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One day I will figure out how to use my iPhone camera

This past Saturday, National Geographic (huh?) played host to a Nas- and Damian Marley-fronted panel that discussed the combined origins of reggae and hip hop, and also conveniently served as an opportunity to plug their forthcoming collaborative reggae/hip hop album Distant Relatives. Still, any excuse to get Kool Herc, DJ Red Alert, Rakim, and many more visionaries in the same room is a good look. The entire Some of the event is available for online viewing or you can just read my rambling recollections after the jump.

– Nas, as usual, was quite clearly higher than an eagle on ether. He kept pretty quiet for the bulk of the conversation and found most questions asked of him to be either or “heavy” or “deeeep.” I didn’t get the idea he wanted to be there. (When they opened the floor for the Q&A, very few questions were addressed to him, which is surprising as he was easily the biggest American star on the panel. Maybe people just know what to expect by now.)

– Damian Marley seemed a little more interested in self-promotion than any sort of actual dialogue. One audience member asked him what he would say if given a chance to talk to President Obama and Marley responded that he’d tell the president to “buy the album.” OK. His brother Stephen was a surprise guest and proved to be more engaging, playful even.

– Sway is a fantastic moderator at a forum like this. It’s impressive how overwhelmingly positive Sway remains in the presence of his childhood rap heroes, even after years of being a reporter and hip hop personality and probably knowing some of these guys personally. (I’ve only been doing this for a fraction of the time and with a fraction of the success and, as you can tell from this post alone, I’ve become completely jaded and cynical.) And though he oozes fanboy enthusiasm it’s never to the point where it’s disruptive.

– Billed reggae pioneers U-Roy and King Jammy were no-shows. The only reggae artist from the past generation present was Big Youth, who had a bit of a tendency to hijack the panel and talk forever, and vastly oversimplified the international connection by calling himself the first rapper. Still, dude was a pretty jovial narrator.

– Simply being in the same room with Rakim and Kool Herc sent chills up my spine. So yeah, not completely cynical, I guess.

– Sirus/XM reggae programmer Pat McKay and Jeff Chang, author of the incredible Can’t Stop, Won’t Stop, were unfortunately out celebrity-ed even though they were the ones making some of the more thoughtful comments throughout the night. And poor Chang was placed in the uncomfortable spot of coming out after Rakim and Kool Herc. “Ladies and gentlemen: the man who created hip hop (cheers), the greatest hip hop artist of all time (deafening cheers), and… a guy who wrote a really good book about hip hop (golf claps).” He was rightfully compensated when a girl in the crowd shouted “I love you Jeff Chang!” as the panel dispersed.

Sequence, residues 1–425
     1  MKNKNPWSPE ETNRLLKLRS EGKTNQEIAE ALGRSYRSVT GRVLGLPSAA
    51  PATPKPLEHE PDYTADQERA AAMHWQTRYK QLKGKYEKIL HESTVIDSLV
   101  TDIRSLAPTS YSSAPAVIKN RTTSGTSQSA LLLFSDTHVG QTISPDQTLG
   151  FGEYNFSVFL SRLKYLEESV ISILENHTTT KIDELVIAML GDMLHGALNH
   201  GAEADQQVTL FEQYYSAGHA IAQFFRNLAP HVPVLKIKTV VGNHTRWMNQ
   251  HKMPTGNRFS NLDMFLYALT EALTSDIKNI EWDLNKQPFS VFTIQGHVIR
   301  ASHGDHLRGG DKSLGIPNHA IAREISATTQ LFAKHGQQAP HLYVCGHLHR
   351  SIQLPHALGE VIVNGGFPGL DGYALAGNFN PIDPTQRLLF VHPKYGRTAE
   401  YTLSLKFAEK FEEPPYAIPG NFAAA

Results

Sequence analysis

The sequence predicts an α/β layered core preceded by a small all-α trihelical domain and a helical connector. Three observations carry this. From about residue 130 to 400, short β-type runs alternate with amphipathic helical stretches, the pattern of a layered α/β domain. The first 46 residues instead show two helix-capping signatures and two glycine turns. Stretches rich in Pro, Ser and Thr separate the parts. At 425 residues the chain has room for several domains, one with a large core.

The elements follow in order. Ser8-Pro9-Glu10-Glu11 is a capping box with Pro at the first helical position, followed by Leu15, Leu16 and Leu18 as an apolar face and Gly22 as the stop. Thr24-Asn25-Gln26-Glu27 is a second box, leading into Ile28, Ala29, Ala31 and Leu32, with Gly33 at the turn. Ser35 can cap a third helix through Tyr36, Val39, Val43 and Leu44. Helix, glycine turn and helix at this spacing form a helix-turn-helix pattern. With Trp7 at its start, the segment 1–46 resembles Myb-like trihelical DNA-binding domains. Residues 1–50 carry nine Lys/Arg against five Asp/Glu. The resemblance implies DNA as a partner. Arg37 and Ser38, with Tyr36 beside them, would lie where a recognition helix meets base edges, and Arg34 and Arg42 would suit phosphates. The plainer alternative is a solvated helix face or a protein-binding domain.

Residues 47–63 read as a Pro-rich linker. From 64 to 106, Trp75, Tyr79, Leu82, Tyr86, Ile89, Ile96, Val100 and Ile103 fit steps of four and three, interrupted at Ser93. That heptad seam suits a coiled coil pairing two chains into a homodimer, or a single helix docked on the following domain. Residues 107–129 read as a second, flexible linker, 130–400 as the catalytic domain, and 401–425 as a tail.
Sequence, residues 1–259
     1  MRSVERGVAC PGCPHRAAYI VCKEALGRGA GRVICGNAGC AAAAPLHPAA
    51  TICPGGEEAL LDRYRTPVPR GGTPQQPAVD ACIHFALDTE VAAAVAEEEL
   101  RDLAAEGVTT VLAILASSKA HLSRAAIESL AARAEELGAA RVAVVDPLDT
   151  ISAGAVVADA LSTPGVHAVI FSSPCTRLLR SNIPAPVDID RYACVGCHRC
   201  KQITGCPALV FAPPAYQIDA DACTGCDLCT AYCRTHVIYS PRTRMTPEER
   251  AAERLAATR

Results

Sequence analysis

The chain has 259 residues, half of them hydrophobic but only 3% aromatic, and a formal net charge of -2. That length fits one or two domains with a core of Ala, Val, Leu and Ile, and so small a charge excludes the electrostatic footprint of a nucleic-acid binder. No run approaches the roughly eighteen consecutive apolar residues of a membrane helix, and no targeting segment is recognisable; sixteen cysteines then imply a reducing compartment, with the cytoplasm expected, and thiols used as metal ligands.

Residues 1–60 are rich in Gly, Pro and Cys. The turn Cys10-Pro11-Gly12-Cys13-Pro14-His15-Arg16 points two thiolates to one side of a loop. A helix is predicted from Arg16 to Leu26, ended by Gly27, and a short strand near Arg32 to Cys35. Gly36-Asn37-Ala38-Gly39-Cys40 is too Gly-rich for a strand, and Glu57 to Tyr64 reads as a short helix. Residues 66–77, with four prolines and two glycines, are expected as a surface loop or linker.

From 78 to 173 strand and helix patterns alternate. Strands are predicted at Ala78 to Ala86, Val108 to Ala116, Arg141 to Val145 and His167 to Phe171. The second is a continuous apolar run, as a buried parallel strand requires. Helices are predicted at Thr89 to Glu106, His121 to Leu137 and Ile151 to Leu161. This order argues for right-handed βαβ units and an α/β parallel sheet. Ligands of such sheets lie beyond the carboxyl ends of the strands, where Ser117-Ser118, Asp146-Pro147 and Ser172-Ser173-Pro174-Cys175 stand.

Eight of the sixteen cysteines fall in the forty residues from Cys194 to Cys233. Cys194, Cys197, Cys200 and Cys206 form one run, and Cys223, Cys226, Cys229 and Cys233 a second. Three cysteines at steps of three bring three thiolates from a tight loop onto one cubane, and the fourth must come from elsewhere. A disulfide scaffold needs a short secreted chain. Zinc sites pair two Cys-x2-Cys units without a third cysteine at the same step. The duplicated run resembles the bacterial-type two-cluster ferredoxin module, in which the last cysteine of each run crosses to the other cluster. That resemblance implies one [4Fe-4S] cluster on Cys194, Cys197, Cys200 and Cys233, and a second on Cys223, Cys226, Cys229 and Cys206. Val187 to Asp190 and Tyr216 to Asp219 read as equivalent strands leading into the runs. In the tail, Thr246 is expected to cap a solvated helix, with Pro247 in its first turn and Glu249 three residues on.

– Senegalese rapper Waterflow seemed very smart, realistic about the inability for international hip hop to break in the American market and totally reverent toward the pioneers of the genre. Even if he sort of hilariously kept referring to Rakim as “Eric B. & Rakim.” As in “it’s great to be on a panel with Eric B. & Rakim.” (Eric B. was not there.)

– Red Alert was a great contributor, as well. He made one of the more salient points of the evening by restating that many of hip hop’s originators were of Caribbean descent, but also noting that, in that era, it was not cool to be from the Caribbean—that, as kids, they were often mocked by mainland blacks for their ethnicity. So often the story of hip hop is told of united outsiders, but in a lot of ways it was second-degree outsiders within an outsider community gaining respect through the commonality of music.

– One employee of sponsor Vtech (presumably, he was sitting in their reserved section) was visibly drunk and awkwardly heckling, mostly mocking the Jamaican panelists for their accents until a coworker subtly escorted him out. The more things change…

– The most frustrating thing about this event, and this is usually the case at thesethings, is how little attention current day American hip hop is given (or current day reggae, for that matter, though I’m not as well versed in the subject to comment on its livelihood). It’s treated as an artifact, not a living, breathing entity. With the exception of Waterflow, not a single up-and-coming artist was on the panel and none were mentioned, even when an audience member asked what artists they draw inspiration from (it turns out Kool Herc is a big fan of Speech from Arrested Development’s new album).

– Instead, many of the guests and most of the audience members that spoke dealt with modern hip hop in the abstract. The phrase “gangsta” was bandied about as a pejorative and the age-old complaint about a lack of balance and diversity was constantly rehashed. As if the most popular rappers in the country aren’t currently a pretty-boy Canadian child star, a potbellied drug dealer, a corporate shill, an ex-sort-of-fake-gangsta turned martian, and a polo clad college dropout. (Though this line of conversation did lead to Nas making the awesomely disconnected comment of “everybody I know has rims on their cars.”)

– Similarly, the panel seemed stuck in the past technologically, tied to old media models and standards. Only Chang briefly alluded to internet distribution models; everyone else seemed hung up on near nonissues like radio play and major label shine. Again, I suspect that a lot of this had to do with the age of the guests. I understand deferring to legacy, but there are plenty of smart, young artists and thinkers in the hip hop (and presumably reggae) community who could have held their own up there.

– There was an afterparty at Zanzibar but Zanzibar’s far. Anyone catch it?